One week into our sojourn in southwest France and we are awash in riches: we discovered the Saturday market and began the delightful process of meeting the neighbors.
When you live very close to the street in a small village and it’s warm enough to keep the windows wide open, it’s not unusual to hear a friendly “Allô?” from the front of the house. Friday morning it was our next door neighbor Simone, a charming 80 year old native Cordais, stopping by to introduce herself.
“Voulez-vous les arroser avec de l’essence? (Will you be watering these with gasoline?),” she asked, pointing to the shabby silk and plastic sunflowers I’d put in a blue pot outside the door. We instantly knew we’d love her, and I moved getting a live plant for that pot to the top of my mental shopping list.
That evening Simone came back and Tom invited her in for some chocolate and a glass of Pineau de Charentes, the popular French aperitif that came with our house. We sat at the table sharing and laughing till late.
Between her many funny stories and quips, Simone told us about Jean Jaurès, a socialist and anti-militarist hero born nearby, whose assassination in Paris in 1914 is often called the second assassination to cause the war. My kind of hero.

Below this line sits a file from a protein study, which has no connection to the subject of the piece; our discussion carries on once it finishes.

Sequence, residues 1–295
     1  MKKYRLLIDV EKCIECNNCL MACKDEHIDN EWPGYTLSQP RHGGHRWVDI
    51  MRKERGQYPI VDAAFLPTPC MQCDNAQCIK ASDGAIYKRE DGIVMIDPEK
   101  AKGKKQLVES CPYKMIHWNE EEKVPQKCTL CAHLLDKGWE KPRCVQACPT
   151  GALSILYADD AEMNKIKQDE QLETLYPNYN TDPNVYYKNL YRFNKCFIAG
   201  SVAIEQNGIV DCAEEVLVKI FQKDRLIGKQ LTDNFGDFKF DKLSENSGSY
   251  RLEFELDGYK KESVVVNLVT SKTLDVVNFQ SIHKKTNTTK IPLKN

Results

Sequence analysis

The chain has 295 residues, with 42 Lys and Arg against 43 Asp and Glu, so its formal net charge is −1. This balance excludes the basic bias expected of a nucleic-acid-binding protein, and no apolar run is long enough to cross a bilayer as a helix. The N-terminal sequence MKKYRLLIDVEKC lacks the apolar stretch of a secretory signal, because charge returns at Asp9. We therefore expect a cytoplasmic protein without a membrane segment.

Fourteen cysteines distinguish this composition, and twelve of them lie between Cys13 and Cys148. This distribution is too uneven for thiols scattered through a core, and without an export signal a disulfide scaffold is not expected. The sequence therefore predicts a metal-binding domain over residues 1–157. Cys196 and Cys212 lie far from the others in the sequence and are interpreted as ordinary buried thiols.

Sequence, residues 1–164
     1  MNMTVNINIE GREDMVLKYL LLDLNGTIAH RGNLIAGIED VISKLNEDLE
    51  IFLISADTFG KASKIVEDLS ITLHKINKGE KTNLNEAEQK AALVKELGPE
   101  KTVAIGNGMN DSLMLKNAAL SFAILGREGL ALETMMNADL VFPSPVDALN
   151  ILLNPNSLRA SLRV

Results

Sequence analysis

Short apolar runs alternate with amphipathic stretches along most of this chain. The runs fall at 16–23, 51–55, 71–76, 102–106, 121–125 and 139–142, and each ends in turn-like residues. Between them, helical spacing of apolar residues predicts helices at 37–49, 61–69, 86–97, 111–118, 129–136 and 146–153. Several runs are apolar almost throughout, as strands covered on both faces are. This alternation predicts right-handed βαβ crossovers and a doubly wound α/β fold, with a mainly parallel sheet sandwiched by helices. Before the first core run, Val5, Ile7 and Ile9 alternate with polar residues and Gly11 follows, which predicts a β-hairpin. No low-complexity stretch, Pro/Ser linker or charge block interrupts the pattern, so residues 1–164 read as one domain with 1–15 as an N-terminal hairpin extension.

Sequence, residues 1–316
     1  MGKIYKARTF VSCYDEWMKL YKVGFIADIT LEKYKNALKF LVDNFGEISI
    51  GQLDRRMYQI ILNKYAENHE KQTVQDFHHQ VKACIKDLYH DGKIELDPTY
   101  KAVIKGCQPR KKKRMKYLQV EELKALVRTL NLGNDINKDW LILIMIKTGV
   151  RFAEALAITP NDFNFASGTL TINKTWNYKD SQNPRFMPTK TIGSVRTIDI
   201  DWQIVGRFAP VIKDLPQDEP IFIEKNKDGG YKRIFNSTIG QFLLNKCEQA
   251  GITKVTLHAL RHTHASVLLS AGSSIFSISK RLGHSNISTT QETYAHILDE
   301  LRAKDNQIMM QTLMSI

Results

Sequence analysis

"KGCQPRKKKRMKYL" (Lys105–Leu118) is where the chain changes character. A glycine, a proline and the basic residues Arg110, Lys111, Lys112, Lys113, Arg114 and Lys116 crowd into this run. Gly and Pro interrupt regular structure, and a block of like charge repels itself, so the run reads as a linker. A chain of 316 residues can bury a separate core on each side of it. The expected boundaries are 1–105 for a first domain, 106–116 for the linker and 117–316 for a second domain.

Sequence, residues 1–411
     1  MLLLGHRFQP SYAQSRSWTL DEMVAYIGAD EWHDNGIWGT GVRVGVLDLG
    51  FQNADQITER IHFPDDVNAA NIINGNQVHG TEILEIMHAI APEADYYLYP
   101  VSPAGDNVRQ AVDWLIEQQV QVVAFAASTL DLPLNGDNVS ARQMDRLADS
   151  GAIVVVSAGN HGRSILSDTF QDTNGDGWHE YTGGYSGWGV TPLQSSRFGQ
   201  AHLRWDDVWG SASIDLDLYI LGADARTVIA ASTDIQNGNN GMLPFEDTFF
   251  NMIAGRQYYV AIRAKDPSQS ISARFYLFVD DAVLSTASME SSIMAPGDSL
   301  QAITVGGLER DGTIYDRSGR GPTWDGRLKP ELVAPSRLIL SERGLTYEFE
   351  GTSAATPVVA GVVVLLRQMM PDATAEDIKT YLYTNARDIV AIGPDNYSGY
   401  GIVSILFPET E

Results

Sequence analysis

The following morning, Tom and I took our chariot de courses (wheeled shopping basket) down the hill early to avoid the crowds at the boulangerie. Days of the week not having fallen into place properly yet, we’d both forgotten it was Saturday, so we were surprised and pleased to see the center of the village overflowing with neighbors and goods.
The market offered an abundance of fresh fruit and vegetables, and dresses, hats, friperie (used goods), pillows and sheets, fabric and notions, even Chinese food, all set to lively Occitan music. It was very hard not to buy more than we needed.
Our friend Rochelle arrived just before lunch. After eating, we went up the hill, meeting my Instagram friend Lauren Clary in person for the first time, and then spending an extraordinary afternoon with the artist Jean-Jacques Enjalbert in his Anandamayi Ma exposition.
In the evening, we found Simone and her small dog sitting on the bench in front of our house.
In no time a small crowd of neighbors joined us. I don’t have words for the pleasure I felt at finding such a warm welcome in this little village.
I am deeply grateful.